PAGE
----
What's the longest you've ever gone without Internet access? If you're like most people, it probably hasn't been very long. Is it even possible to live without Internet access in the modern connected world we live in? Are there benefits to disconnecting or even taking an extended disconnect (aka digital detox)? In this week's blog we explore how going offline can be beneficial from not only a psychological perspective, but also a financial perspective.
We spend a lot of time online!
A recent report by Hootsuite and We Are Social calculates the average time spent per day using the Internet is 6 1/2 hours. Yes, that's per day! In total this equate to 100 days online each year, nearly one-third of our lives. This number is shocking considering we know many people who don't even get this much sleep every night!
In some ways this number isn't all that shocking. So much of what we do each day is connected to the Internet. Our phones, computers, televisions, pets, smart home systems, and even our kitchen appliances are now connected to the Internet, and the trend is heading toward more, not less, things being "connected".
While we'll be the first to admit we love our smart home and being able to control so many things remotely (i.e. thermostats, lights, cameras) and the benefits that come with being more in control, it can start to feel like we are physically wired into the Internet - as if the Internet has become a virtual lifeline, that if disconnected, could cause us not to function properly.
An involuntary 30-day digital detox.
We just moved into a new house and were shocked to find out no cable line had ever been run to the house and were faced with living without Internet services for the first time since Internet has been widely available.
How could we survive without being connected? No Hulu. No Netflix. No Amazon Prime shows. Could we do it? Could we wait for over the month it would take to get our cable provider to run a line to our house?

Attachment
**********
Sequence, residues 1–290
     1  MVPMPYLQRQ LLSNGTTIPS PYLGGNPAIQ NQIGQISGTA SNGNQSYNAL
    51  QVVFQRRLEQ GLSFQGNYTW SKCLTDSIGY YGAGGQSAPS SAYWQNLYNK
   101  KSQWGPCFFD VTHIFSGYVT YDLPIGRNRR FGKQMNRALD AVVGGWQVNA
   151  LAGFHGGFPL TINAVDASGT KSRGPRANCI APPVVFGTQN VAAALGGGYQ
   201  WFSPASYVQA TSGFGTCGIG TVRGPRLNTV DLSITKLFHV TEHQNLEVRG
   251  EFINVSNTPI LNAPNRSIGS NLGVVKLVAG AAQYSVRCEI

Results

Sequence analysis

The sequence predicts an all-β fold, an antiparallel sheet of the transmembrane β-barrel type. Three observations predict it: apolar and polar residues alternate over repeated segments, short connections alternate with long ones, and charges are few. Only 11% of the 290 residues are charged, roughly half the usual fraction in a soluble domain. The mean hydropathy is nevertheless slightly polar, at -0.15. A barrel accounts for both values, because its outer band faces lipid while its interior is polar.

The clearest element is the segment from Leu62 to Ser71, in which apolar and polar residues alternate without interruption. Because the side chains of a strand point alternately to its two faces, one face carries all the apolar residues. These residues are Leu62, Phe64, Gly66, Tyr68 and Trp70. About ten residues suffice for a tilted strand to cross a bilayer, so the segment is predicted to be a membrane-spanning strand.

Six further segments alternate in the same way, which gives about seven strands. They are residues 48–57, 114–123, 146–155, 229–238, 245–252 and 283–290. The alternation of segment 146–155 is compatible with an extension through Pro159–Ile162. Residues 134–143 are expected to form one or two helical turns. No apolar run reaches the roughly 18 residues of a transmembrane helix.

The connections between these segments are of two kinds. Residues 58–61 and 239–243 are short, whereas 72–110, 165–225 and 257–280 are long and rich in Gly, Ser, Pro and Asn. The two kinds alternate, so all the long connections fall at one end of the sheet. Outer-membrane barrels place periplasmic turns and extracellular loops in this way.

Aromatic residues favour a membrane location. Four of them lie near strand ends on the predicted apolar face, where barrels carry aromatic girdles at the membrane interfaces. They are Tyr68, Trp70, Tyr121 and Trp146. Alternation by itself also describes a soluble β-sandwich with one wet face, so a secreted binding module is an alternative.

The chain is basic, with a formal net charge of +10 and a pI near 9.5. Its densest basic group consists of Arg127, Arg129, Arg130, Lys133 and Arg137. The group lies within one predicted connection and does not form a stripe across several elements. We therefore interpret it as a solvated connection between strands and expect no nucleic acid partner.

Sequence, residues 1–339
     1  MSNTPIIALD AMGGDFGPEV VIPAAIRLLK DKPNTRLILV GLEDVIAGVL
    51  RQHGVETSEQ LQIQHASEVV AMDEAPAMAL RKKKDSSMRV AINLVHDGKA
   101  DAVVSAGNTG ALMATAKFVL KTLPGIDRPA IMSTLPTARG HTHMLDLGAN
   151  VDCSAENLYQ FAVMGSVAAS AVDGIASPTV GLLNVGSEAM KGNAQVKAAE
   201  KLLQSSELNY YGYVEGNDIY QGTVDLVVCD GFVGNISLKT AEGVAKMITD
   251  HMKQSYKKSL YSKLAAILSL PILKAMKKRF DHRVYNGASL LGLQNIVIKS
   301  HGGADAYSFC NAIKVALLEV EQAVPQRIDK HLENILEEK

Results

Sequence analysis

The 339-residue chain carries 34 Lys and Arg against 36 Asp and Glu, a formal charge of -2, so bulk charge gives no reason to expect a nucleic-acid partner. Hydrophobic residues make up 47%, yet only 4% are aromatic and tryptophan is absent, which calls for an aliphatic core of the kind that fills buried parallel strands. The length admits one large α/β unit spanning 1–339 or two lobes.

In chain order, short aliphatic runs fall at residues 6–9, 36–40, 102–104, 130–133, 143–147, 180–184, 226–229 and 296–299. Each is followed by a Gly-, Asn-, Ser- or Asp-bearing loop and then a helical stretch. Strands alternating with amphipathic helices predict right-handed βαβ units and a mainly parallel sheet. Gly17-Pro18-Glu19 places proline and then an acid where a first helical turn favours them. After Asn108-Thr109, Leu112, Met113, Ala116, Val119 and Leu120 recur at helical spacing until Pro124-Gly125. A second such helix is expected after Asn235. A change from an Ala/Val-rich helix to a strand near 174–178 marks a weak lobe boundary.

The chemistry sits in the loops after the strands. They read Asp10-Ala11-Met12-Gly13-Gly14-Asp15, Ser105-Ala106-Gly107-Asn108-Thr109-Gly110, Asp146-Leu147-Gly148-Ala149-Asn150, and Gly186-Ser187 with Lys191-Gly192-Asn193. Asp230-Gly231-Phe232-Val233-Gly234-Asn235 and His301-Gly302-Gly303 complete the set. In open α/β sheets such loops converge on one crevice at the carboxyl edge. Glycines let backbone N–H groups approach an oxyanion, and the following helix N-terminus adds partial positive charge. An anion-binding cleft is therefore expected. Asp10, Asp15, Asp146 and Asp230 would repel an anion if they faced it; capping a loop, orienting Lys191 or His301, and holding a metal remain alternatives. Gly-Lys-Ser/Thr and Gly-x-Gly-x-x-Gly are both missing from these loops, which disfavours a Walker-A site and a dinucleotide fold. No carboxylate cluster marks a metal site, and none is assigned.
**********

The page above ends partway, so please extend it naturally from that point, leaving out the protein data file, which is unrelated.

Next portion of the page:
All kidding aside, it was a tough month without Internet. Technically, we still had Internet via our phones, but we limited our usage to stay under our 8 gig monthly data limit, which we failed miserably at. Who uses more than 8 gigs a month? We do, and even with our scaling back we used nearly 16 gigs!
We’re not suggesting you have to completely disconnect from the Internet for a month to have an impact on your life and money, but taking some time away may actually help you pay off your debt faster by spending less.
Time online and spending more.
There is a significant amount of research showing how being online and exposed to advertisements can influence our spending habits. There’s a reason why you start seeing ads all over the place once you’ve clicked on something previously. Marketers have figured out that after you click on a product and don’t purchase it you may change your mind later if you see it in your Facebook feed, Google search sidebar, etc.
In a 2015 global study by Digitas, 52 percent of consumers said that Facebook influenced their purchases, both in-store and online. That was followed by Pinterest, which influenced 46 percent of respondents, Instagram at 43 percent and Twitter with 36 percent.
According to a study by Allianz Life Insurance Company, 57 percent of millennials spent money they hadn’t planned to because of content on their social media feeds. If you spend enough time online eventually you will be influenced to spend money you may not have planned to. This isn’t a big deal if you have the money to spend, but when you start developing a habit of spending money you didn’t plan to spend in your monthly budget it could be a slippery slope that leads to financial challenges later on in life.
Health problems and spending too much time online.
Research is also mounting up on time spent online and health issues. The most obvious issue is time spent sitting in front of a computer or smartphone is time not being active, and inactivity has all kinds of negative effects including obesity, neck and back pain, and mental health issues such as loneliness, self-esteem issues, cyberbullying, and social anxiety.